From the forests of Madagascar to the clay pits of Georgia, people all over the world rely on nature to treat what ails them. Professor Rabi Musa of CBB explores the biochemistry and biophysics behind nature's medicine.
Switch in sugar pucker from A to B form, Professor Sarma of CBB argues as a major reason for DNA bending.
Rabi Ann Musah
Assistant Professor of Chemistry,
Ph.D., 1995, University of Arkansas,Postdoctoral Fellow: The Scripps Research Institute (1994 - 1998)
ph: 518-437-3740; fx: (518) 437-3741;
Research Interests: Biophysical characterization of retroviral nucleocapsid proteins. Protein structure based drug design. Development of HIV-1 and HIV-2 nucleocapsid protein inhibitors as drugs. Go to detailed research projects.
Assistant Professor of Chemistry, Ph.D., University of Wisconsin (1991), Postdoctoral fellow: Cornell (1991-1997), MIT (1997-2000)
ph: 518-442-4447; fx: 518-452-3462; email: firstname.lastname@example.org
Research Interests: Structure and function of cell surface receptor proteins; kinetic and molecular mechanism of drug-protein and protein-protein interaction. An interdisciplinary approach is used involving biophysics (rapid kinetics, e.g., laser pulse photolysis and caged compounds), molecular biology and neurobiology (site directed mutagenesis), electrophysiology (patch clamping), and spectroscopy (fluorescence and biosensor). Go to detailed research projects.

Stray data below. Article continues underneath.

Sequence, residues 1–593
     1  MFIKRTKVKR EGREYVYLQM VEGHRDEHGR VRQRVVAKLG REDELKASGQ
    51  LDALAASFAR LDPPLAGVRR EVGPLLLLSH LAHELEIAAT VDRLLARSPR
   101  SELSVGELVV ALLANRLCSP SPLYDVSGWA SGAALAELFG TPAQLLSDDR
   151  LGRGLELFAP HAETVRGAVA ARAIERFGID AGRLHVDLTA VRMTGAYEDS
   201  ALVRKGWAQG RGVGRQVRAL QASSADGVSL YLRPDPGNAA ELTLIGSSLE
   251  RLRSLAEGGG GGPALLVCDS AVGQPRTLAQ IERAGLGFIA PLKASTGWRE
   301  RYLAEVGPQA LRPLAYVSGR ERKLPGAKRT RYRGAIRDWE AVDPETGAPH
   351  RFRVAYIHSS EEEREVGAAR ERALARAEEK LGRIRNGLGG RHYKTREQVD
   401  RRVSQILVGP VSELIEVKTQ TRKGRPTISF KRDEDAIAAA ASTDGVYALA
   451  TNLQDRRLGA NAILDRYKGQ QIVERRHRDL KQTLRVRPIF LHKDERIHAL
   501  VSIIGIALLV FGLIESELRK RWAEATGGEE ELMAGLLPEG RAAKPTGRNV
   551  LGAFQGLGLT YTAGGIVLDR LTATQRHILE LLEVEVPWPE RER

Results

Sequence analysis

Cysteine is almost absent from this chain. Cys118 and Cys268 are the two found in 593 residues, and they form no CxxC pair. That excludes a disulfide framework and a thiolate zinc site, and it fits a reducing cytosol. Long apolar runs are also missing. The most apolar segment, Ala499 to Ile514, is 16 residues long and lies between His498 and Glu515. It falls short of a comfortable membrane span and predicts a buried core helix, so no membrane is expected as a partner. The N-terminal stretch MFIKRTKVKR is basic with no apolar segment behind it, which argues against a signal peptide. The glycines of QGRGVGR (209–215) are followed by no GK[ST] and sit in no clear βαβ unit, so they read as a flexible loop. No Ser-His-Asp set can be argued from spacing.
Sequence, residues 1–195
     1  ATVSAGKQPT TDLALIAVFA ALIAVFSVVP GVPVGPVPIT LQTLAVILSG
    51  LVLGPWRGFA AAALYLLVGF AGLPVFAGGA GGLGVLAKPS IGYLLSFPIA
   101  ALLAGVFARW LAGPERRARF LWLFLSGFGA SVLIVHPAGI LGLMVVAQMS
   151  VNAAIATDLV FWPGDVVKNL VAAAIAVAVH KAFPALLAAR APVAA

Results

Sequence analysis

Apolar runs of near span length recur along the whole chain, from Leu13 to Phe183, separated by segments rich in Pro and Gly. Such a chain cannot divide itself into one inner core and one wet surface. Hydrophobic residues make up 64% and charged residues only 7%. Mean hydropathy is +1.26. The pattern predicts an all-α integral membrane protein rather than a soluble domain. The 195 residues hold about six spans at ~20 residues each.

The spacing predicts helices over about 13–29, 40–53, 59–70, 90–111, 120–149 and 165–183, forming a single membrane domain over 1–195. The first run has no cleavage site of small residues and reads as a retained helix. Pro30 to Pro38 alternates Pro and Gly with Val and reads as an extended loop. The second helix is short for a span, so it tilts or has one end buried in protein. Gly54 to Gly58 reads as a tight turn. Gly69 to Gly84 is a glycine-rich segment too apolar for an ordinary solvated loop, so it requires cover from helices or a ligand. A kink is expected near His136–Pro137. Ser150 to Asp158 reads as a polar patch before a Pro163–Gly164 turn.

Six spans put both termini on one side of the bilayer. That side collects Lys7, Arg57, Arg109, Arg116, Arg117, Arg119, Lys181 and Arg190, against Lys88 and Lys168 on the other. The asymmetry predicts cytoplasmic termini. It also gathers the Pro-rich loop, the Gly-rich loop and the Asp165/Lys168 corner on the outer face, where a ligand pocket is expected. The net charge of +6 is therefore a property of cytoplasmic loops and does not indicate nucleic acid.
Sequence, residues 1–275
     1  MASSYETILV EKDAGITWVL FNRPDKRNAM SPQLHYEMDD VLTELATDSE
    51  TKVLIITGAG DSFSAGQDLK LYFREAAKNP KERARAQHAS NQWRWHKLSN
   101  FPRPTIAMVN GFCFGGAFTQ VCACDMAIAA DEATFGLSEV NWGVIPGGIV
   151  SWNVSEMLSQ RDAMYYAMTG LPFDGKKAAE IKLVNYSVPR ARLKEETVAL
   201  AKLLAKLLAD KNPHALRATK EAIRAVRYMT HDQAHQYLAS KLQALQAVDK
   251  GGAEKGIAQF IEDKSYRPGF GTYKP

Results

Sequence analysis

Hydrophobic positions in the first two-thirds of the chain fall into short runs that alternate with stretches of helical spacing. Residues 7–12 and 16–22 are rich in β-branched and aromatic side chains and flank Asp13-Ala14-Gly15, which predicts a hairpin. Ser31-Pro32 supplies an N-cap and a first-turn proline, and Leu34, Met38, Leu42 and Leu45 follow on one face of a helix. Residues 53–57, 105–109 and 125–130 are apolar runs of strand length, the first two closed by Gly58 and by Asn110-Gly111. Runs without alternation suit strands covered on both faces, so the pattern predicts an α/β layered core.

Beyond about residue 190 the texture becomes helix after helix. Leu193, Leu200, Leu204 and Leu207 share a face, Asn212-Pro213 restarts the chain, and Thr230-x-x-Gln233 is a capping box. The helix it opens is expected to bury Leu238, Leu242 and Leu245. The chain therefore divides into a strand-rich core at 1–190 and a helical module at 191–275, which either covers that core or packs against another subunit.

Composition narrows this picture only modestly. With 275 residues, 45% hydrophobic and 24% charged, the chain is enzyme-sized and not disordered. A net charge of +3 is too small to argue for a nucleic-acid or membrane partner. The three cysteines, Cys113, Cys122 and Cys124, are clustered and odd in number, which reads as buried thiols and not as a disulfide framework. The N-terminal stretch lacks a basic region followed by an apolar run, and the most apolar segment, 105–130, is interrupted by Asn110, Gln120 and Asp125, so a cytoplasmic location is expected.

Ramaswamy H. Sarma
Professor of Chemistry, Ph.D., 1967, Brown University, Postdoctoral fellow, 1967-1970 Brandeis University, and University of California San Diego.
Director, University's Institute of Biomolecular Stereodynamics, Editor-in-Chief, Journal of Biomolecular Structure & Dynamics
ph: 518-456-9362 (Univ.); ph: 518-456-9362 (Journal); fx: 518-452-3462 (Univ. Office); 518-452-4955 (Journal Office); email: email@example.com (Univ.); firstname.lastname@example.org (Journal). JBSD and Conversation web: http://www.adeninepress.com.
Research Interests: Conformation and dynamics of DNA and RNA oligonucleotides and their drug complexes, and ribozymes. Special emphasis on DNA bending, suagar switch and proten binding. Our goals are achieved through a combination of multinuclear, multi-dimensional NMR spectroscopy, computer modeling and theoretical simulations. Go to detailed research projects.
Charles P. Scholes
Professor of Chemistry, Ph.D., 1969, Yale University; Biophysics, Postdoctoral Fellow, 1969-1970, Oxford University; Inorganic Chemistry, Postdoctoral Fellow, 1970-1973, UCSD, La Jolla, CA; Biophysics
Ph: 518) 442-4551; fx: 518-452-3462;
Research Interests: The primary thrust of our lab's effort is biophysical research on the structure and function of proteins, primarily those that contain paramagnetic centers. We focus on probing these centers through the techniques of electron paramagnetic resonance (EPR) and electron nuclear double resonance (ENDOR) but with significant use of other spectroscopic and kinetic methods. Go to detailed research projects.